raphael philosophy school of athens
If in the Dispute, the central axis contains all the primary components of the meaning, in its counterpart on the opposite wall – The School of Athens – the emphasis is on a horizontal reading, and the main figures, located on the top of the short stairs, are strung out like an animated frieze. Such a distribution is related to the fact that in this fresco the stress is on earthly zones rather than on otherworldly ones so characteristic of its analogue. In the case of the Disputa, the golden tonalities reflect theological and spiritual values i n connection with the miraculous nature of the Eucharist; these are in contrast to the clear blues and whites and the crisp, charged atmosphere that characterizes The School of Athens. This is a realm where the power of philosophy and reason, as opposed to faith, seems to dominate.
The School of Athens is a depiction of philosophy. The scene takes place in classical times, as both the architecture and the garments indicate. Figures representing each subject that must be mastered in order to hold a true philosophic debate – astronomy, geometry, arithmetic, and solid geometry – are depicted in concrete form. The arbiters of this rule, the main figures, Plato and Aristotle, are shown in the centre, engaged in such a dialogue.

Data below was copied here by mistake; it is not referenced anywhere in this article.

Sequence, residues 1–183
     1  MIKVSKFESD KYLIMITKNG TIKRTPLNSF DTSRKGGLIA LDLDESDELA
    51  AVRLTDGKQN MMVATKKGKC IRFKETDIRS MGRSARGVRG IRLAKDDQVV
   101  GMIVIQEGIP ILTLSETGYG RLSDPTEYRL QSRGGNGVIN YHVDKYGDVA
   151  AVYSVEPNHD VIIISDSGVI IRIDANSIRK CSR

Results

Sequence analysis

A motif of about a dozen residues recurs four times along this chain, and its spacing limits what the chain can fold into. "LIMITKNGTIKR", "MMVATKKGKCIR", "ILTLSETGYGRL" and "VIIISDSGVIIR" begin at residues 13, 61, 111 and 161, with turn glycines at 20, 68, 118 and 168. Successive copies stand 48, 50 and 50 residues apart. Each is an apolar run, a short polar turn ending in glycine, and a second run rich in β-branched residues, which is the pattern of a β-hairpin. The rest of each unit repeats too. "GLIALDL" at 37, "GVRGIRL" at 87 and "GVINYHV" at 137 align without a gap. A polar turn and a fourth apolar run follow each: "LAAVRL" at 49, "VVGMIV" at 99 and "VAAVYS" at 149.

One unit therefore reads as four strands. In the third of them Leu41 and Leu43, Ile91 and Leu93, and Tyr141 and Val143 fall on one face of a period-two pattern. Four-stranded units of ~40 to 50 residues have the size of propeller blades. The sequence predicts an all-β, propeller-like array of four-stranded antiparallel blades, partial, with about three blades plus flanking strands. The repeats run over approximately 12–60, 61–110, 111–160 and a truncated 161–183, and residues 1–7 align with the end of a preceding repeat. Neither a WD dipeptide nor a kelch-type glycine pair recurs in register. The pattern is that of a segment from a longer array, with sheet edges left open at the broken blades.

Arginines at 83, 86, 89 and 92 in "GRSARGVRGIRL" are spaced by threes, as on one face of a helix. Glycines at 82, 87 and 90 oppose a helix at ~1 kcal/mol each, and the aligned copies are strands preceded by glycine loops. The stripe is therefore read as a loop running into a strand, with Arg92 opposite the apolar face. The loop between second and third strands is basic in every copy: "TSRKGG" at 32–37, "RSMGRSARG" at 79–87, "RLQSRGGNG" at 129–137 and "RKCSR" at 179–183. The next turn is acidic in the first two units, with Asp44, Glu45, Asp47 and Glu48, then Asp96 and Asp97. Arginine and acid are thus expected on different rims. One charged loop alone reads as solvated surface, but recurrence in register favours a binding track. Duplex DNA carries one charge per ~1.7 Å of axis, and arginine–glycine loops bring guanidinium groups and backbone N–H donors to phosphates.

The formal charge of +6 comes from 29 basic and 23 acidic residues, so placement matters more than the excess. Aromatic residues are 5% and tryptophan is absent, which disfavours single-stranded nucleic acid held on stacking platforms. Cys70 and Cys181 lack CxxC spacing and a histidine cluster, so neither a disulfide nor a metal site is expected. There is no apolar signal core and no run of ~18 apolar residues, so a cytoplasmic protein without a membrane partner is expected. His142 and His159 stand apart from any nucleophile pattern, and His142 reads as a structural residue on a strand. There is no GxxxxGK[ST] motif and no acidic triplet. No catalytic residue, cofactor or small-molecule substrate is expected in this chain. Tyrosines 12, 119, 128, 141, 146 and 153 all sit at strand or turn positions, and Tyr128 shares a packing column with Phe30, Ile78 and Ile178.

The popular idea that the rhetorical gestures of Plato and Aristotle are kinds of pointing (to the heavens, and down to earth) is very likely. However, Plato’s Timaeus – which is the book Raphael places in his hand – was a sophisticated treatment of space, time, and change, including the Earth, which guided mathematical sciences for over a millennium. Aristotle, with his four-elements theory, held that all change on Earth was owing to motions of the heavens. In the painting Aristotle carries his Ethics, which he denied could be reduced to a mathematical science. It is not certain how much the young Raphael knew of ancient philosophy, what guidance he might have had from people such as Bramante and whether a detailed program was dictated by his sponsor, Pope Julius II.